1. Totally agree! People tend to focus on what they lose in losing a loved one to suicide. But when you step back, that in and of itself is selfish thinking. Thanks for sharing and commenting

  4. I consider myself an overly emphatic person, which is why I thought of suicide as the sign of ultimate selfishness. I thought that just because you’re going through a bad time isn’t justification to make your friends and family suffer all kinds of hell because of you. One day I was feeling really down for several different reasons, didn’t see a point in getting up, didn’t want to do anything or reach out to anyone, and it hit me: what if life was like that every. single. day? What if there were months and months of waking up in the morning and not wanting to do anything, not wanting to see anyone, talk to anyone, get up at all? What if that feeling of worthlessness, that feeling of depression, wasn’t just an unwelcome guest for the day, what if it became a member of the family? I’m in no position to judge someone when I have only a very faint idea of how bad things are for them.

    I think it’s hard for those who seemingly have no reason to be depressed, to admit that they are depressed. A lot of people never reach out, and a lot of people also never show signs of their troubles. I think it’s generally speaking wrong to blame anyone for a suicide, without knowing the details. Sometimes there’s just pain inside someone that they can’t do anything about, and they won’t tell you so you can’t help them. They kind of just wither away.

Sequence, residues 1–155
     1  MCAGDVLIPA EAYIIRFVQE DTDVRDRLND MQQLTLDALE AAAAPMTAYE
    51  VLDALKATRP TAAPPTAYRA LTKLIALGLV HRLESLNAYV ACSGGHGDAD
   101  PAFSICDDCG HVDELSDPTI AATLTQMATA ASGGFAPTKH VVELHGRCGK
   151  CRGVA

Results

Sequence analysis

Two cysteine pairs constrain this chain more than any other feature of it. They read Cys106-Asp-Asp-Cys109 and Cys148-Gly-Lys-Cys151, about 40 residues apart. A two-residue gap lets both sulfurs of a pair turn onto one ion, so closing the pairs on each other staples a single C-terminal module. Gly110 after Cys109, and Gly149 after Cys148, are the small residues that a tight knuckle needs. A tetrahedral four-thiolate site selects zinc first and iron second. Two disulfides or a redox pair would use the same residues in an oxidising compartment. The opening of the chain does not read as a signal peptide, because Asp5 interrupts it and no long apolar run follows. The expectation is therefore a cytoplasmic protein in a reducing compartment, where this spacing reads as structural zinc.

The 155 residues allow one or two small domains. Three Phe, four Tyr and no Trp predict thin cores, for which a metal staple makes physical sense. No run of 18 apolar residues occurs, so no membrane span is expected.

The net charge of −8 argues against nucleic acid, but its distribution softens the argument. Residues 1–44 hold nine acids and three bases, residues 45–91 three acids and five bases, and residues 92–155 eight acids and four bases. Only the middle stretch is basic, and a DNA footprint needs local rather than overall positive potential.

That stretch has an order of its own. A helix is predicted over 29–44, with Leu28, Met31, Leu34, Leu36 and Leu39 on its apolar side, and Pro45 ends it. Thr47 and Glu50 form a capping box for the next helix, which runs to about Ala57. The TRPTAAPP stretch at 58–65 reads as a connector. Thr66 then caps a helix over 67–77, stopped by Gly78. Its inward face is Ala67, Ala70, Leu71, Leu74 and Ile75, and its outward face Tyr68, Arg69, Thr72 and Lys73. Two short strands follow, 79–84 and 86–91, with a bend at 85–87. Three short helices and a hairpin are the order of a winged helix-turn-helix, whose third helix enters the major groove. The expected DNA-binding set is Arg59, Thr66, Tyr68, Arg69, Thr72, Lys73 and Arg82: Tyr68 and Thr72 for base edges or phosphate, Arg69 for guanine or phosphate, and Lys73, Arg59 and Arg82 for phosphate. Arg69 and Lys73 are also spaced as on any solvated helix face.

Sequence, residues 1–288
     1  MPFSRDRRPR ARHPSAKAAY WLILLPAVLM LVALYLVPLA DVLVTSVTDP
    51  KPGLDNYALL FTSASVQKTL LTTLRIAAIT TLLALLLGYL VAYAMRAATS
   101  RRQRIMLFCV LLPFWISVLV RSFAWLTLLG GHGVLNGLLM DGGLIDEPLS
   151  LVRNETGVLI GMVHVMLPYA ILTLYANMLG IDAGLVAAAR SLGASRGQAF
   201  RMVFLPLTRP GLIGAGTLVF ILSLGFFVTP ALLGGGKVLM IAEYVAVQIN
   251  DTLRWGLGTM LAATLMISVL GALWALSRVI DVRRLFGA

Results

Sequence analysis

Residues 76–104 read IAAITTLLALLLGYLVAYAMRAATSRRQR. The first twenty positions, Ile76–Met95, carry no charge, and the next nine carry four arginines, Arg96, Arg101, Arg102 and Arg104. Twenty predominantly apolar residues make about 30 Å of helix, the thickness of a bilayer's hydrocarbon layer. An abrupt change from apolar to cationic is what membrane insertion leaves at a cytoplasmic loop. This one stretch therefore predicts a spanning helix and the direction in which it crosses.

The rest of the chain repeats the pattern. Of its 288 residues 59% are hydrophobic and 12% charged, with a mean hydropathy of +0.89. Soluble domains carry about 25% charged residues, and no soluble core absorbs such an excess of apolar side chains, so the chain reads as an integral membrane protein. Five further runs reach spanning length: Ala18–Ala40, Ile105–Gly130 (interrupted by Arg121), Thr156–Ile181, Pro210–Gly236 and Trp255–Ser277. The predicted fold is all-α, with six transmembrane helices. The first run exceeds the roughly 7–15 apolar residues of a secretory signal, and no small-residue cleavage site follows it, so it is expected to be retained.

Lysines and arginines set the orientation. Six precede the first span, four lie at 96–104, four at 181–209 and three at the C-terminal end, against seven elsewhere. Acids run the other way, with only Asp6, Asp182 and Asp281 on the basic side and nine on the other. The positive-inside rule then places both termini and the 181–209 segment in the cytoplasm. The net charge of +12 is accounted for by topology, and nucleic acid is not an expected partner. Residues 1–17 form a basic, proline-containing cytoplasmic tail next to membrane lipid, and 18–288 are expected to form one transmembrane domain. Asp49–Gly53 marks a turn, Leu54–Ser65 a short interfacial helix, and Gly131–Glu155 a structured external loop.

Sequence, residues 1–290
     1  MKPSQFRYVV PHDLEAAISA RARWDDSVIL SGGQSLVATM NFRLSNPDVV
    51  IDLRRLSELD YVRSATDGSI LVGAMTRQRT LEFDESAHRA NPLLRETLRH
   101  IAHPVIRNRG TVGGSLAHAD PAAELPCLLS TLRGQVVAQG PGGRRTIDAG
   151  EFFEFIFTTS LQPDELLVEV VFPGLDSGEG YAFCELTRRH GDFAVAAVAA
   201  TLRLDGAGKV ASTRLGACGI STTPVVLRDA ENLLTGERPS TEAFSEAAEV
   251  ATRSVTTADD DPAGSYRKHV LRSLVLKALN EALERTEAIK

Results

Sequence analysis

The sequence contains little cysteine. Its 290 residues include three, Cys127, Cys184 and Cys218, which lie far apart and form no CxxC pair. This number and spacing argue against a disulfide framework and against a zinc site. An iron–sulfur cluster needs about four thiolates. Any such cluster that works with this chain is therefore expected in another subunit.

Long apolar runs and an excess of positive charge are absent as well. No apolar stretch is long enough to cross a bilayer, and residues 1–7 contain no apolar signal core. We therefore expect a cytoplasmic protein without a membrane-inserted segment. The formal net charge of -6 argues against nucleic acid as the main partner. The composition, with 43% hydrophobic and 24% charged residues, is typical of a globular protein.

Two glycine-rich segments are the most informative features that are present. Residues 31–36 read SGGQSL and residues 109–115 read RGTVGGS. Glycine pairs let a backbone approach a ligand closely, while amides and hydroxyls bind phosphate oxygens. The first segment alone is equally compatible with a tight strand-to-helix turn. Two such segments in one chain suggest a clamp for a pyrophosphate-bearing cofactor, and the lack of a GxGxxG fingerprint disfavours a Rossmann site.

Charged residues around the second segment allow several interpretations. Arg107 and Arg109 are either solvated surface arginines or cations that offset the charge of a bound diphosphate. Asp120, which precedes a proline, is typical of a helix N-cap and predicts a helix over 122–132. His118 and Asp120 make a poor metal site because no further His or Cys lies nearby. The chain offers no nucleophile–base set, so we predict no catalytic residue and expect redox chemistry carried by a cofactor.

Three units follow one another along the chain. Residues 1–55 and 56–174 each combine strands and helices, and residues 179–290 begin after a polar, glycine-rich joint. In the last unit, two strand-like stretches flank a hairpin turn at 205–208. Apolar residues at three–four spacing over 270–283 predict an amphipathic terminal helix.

Sorry for the long reply, this is a topic that I feel strongly about. Good post.

    1. Vee, thanks for sharing! My experience is the mirror image of yours. I just sank lower and lower until I snapped myself out of it. I liken extreme depression like that to quicksand you know? People struggle and fight for years until they just get tired. Then you compound that with legitimate mental illness and it’s a pressure cooker. If you’ve never been on the edge, you can’t relate.

  5. Simply put this is one of the best, informative, and touching articles I have seen in eons on WordPress. Hopefully you have educated a few naysayers and cynics out there. I know all too well about this subject and we’re all fortunate that you helped to bring this to light for all to read.
    Thanks!! Well done!

    1. Thanks for the love, man! It was a tough subject to cover, but it was therapeutic for me to get out and hopefully it gave someone a different perspective on the topic.